Unilever retreats in Brexit price bust-up with Tesco

That didn’t take very long did it?

Unilever and Tesco have settled their differences over prices, which resulted in Unilever products disappearing from the Tesco website (briefly).

Unilever must have read our story yesterday pointing out the reputational damage the accusation of greed could cause.

436px-unilever-svgQuite how things between the consumer goods giant and the UK’s biggest supermarket came to such a pretty pass has yet to be revealed. Presumably Unilever has backtracked on prices (it wanted to raise them by about ten per cent, blaming this on the post-Brexit vote fall in the pound).

Unilever has finally stuck its head above the parapet with the following: “Unilever is pleased to confirm that the supply situation with Tesco in the UK and Ireland has now been successfully resolved.

“We have been working together closely to reach this resolution and ensure our much-loved brands are once again fully available. For all those that missed us, thanks for all the love.”

Hmm. it’s still a major cock-up, whichever way you look at it. Resilient pricing is key to Unilever’s business in a slowing world economy and now its customers around the world know that it ain’t as tough as it would like to be. In the UK you can almost hear Aldi and Lidl flexing their muscles.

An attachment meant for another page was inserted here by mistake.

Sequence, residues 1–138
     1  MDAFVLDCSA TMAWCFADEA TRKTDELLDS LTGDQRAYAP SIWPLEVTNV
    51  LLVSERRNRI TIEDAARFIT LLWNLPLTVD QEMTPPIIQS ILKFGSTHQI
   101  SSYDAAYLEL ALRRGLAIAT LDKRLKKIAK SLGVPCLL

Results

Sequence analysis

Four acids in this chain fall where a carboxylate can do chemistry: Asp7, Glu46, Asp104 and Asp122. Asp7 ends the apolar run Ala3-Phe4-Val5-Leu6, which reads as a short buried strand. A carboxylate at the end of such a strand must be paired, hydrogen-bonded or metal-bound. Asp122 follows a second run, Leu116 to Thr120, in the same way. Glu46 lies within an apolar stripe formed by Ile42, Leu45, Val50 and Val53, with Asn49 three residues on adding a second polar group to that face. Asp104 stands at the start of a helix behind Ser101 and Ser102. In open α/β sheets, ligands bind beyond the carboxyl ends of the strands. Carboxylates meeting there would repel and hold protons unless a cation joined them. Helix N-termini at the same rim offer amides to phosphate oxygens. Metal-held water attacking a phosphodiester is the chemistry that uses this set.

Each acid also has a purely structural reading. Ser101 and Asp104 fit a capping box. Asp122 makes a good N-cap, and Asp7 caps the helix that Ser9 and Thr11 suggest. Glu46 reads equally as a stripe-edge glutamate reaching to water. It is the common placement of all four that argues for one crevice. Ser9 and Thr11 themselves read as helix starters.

As for Tesco, CEO “Drastic Dave” Lewis, a former Unilever executive, has emerged as a rather unlikely people’s friend.

Will we see some Persil and Marmite jokes in the next instalment of BBH’s family vignettes for Tesco? Doubt it, although they’ll probably try.

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About Stephen Foster

Stephen is a former editor of Marketing Week and London Evening Standard advertising columnist. He wrote City Republic for Brand Republic and is a partner in communications consultancy The Editorial Partnership.